Although not completely devoid of risk, the progesterone-only pill, Depo-Provera, or intrauterine devices are the preferred choice of contraception in patients who have had a previous VTE or an inherited thrombophilia and wish to avoid pregnancy. It is important to consider that pregnancy itself carries a six-fold increased risk of thrombosis.

12. What is the presence of inherited or acquired thrombophilia and what should be the screening method for this in patients who may be at risk? What do you say to someone who has a negative screen but a suggestive family history?

Thrombophilia is the inherited or acquired predisposition to develop venous thromboembolism. Patients are screened for both acquired and inherited defects. Thrombophilia testing is indicated in cases of an unprovoked VTE or when a patient suffers a thrombosis at an unusual site. Approximately 50% of Caucasian patients with an unprovoked VTE will have a genetic risk factor identified on screening. Most of the common polymorphisms such as Factor V Leiden and prothrombin 20210 are only present in the Caucasian population, so there is a lower rate of detection in non-white ethnic groups. The subsequent risk of recurrent VTE depends on the type of defect, (acquired or inherited) and in particular whether the defect is homozygous or heterozygous or compound heterozygous.

Some 50% of patients will not have a thrombophilia identified. This may be because the patient has an as-yet unknown defect or their risk factor was transient and resolves by the time of testing. If the screen is negative the patient will require three months' anticoagulation after a first VTE. If the patient has recurrent VTE they require long-term anticoagulation.


Thrombophilia screening is being questioned, especially in situation such as women with a family history of DVT wishing to start the pill. Practically in this situation a negative thrombophilia screen does not help because we do not know whther the proband had an identifiable thrombophilia. If the patient is identified with Factor V Leiden or prothrombin 20210, by far the commonest thrombophilias, then the risk of thrombosis on the pill with these thrombophilias is still less than the risk of thrombosis during pregnancy.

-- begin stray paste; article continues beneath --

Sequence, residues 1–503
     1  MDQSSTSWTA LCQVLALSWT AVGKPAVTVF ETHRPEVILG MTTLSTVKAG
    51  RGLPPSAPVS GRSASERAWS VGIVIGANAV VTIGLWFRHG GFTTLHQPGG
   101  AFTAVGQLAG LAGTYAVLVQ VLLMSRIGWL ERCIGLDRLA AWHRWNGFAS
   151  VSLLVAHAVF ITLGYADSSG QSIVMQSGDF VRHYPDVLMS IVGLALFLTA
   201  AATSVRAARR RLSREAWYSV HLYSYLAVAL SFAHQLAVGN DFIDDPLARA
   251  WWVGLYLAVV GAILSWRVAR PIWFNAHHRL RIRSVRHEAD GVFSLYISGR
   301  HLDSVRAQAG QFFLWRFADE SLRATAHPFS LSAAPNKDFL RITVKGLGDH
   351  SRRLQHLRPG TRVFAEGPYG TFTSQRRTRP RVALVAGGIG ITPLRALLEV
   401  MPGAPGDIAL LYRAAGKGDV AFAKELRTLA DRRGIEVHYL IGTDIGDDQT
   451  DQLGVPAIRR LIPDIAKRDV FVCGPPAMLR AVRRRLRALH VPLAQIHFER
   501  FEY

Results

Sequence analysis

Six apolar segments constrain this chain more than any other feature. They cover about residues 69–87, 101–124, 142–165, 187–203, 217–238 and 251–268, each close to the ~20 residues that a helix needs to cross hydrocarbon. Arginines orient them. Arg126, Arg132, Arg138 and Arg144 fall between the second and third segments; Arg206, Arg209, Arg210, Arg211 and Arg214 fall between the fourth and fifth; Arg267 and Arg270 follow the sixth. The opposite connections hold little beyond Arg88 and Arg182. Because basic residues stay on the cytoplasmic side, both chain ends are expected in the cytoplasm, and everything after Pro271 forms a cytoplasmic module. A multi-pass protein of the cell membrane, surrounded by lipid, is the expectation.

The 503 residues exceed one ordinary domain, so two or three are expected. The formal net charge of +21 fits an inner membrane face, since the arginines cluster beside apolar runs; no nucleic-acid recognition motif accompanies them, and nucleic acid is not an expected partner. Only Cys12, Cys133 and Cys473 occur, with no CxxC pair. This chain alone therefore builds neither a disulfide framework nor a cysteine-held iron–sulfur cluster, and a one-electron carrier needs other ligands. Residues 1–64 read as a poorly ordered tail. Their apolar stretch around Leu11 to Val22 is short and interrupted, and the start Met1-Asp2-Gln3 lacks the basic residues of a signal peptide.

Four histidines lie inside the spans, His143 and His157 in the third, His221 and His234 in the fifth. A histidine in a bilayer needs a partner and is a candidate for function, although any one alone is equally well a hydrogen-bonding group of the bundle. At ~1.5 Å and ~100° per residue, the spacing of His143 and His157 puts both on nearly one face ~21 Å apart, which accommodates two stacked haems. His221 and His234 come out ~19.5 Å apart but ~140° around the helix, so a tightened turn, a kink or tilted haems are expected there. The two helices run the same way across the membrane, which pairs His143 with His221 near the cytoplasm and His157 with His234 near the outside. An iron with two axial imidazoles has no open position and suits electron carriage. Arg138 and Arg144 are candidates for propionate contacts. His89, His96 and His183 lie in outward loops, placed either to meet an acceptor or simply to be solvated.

Any patient who has antithrombin deficiency or is homozygous or a compound heterozygote for two or more clotting defects and has a VTE should receive lifelong anticoagulation. As the management is individualised and requires a specific risk benefit analysis, we recommend these patients are referred for specialist testing and follow-up.

Dr Andrew Retter is a specialist registrar in haematology at Guy's and St Thomas' Trust in London.

Dr Beverley Hunt is a consultant haematologist at Guy's and St Thomas' Trust in London.

Competing interests

Dr Retter None declared

Dr Hunt has received restricted travel grants to attend conferences from Bayer and sanofi-aventis and has received lecture fees from sanofi-aventis in the past.

What I will do now What I will do now

Dr Griffith reflects on the answers to her questions
• I'll bear in mind that the patients most at risk of a DVT are those who have had a previous VTE, recent surgery, known malignancy or immobility.
• The Wells scoring system is useful to predict the probability of pulmonary embolism and interpret the results of blood and radiological testing.
• I'll remember that a negative D-dimer test helps rule out VTE and patients with a positive test should have imaging.
• When there is a high clinical suspicion of VTE patients are given low molecular weight heparin until the diagnosis is ruled out or if confirmed until INR reaches 2.
• It's useful to know that low molecular weight heparin is also used long term in special circumstances such as an IV drug user.
Dr Kathryn Griffith is a GP in York

Wells Scoring System for DVT Wells Scoring System for DVT DVT thp vte

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Readers' comments (1)

  • I was looking for the d-dimmers range and more explanation on how it is deemed negative or positive